Iraq: Islamist militants tighten screws on Fallujah

A man inspects the site of a mortar attack in Fallujah on Jan. 16 by government forces who are edging closer to an assault on the city

Al Qaeda-linked militants are fanning out across Fallujah, imposing religious restrictions on the terrified population and strong-arming local leaders in a display of force that has shaken prospects of a peaceful resolution of the city’s conflict.

Tribal leaders and residents of Fallujah say the actions by the militants of the predominantly Sunni Islamic State of Iraq and Al-Sham, or ISIS, have pushed the Shiite-dominated central government in Baghdad closer to an all-out war to try to recapture the city.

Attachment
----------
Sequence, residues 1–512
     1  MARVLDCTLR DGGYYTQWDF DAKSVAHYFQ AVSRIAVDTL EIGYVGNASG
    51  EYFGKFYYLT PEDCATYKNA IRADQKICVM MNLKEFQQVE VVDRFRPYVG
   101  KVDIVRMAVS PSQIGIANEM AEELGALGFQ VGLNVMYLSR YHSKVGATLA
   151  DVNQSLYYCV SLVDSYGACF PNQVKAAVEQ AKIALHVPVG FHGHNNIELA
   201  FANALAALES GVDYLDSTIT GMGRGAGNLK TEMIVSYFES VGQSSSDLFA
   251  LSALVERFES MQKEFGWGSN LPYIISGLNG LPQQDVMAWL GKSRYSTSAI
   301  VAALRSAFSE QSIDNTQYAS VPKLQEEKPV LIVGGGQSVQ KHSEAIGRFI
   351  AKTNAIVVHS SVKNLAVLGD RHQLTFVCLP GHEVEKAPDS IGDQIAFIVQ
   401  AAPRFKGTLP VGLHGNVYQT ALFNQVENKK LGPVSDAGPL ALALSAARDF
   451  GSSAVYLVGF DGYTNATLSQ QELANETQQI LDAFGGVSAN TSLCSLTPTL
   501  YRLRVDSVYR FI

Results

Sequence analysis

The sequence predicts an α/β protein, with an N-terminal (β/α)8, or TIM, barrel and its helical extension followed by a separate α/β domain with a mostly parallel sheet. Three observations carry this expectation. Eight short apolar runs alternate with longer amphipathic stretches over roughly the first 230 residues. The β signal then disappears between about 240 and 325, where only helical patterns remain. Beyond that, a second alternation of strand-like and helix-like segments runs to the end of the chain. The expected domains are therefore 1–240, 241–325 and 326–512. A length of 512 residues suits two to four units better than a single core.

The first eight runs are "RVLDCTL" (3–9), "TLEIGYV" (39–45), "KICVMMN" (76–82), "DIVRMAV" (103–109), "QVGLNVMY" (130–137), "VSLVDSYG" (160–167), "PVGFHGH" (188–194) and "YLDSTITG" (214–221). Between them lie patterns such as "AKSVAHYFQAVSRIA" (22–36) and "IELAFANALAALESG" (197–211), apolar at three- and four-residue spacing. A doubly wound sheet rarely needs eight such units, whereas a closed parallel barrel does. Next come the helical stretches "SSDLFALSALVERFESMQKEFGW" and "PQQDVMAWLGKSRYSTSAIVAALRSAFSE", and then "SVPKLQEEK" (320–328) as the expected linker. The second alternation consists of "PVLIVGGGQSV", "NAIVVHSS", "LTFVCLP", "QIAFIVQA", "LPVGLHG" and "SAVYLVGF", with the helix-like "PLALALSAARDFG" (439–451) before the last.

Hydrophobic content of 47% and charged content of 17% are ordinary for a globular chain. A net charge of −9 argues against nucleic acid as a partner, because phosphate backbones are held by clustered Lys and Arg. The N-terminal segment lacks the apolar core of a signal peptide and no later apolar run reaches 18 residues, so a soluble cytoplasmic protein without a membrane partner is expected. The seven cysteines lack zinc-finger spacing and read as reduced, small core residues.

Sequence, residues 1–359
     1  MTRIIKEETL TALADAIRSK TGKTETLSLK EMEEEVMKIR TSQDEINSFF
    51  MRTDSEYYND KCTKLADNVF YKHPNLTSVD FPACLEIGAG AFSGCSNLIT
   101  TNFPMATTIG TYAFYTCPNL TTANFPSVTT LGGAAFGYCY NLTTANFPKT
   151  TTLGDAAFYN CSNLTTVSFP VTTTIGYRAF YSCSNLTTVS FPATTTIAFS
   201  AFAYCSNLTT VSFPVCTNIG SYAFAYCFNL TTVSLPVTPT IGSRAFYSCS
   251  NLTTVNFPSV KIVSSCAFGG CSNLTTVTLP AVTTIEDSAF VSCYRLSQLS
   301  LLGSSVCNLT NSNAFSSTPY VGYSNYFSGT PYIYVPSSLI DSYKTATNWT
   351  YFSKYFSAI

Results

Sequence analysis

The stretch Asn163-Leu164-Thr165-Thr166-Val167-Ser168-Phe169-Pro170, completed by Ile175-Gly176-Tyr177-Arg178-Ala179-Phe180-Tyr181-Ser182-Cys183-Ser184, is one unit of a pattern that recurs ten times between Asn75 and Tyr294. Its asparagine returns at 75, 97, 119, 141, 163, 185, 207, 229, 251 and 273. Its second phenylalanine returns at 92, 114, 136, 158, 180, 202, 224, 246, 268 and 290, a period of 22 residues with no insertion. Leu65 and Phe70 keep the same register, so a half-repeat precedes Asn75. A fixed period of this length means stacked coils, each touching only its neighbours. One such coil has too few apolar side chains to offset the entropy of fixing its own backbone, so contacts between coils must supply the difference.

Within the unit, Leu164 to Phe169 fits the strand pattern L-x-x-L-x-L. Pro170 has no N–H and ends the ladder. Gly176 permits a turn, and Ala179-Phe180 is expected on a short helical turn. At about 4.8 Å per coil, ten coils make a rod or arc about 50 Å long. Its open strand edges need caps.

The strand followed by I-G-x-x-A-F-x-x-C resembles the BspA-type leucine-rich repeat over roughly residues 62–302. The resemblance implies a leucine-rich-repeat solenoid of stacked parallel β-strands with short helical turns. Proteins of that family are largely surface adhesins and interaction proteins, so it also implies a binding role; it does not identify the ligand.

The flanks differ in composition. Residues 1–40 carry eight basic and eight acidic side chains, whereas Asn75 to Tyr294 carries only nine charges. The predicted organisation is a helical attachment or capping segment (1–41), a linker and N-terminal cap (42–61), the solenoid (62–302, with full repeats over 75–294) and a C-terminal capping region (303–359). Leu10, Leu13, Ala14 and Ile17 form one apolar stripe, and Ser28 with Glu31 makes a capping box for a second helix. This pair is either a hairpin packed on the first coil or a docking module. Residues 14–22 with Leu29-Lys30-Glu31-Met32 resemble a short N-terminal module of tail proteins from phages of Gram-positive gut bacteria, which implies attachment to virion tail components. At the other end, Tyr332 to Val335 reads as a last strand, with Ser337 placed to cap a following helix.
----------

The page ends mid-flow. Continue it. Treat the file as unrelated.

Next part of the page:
Over the past two days, the militants briefly kidnapped a delegation of local tribal leaders, staged armed parades in a show of force, and established informal Islamic courts.

They also began enforcing their own code of morality, including the closure of all music stores deemed un-Islamic.

“ISIS has ended its last chance for peace for Fallujah,” said Sheik Muhammed al Dulaimi a member of Fallujah’s tribal council and leader in one of the main western Iraqi tribes who was involved in negotiations with the militants. “They are enemies of peace.”

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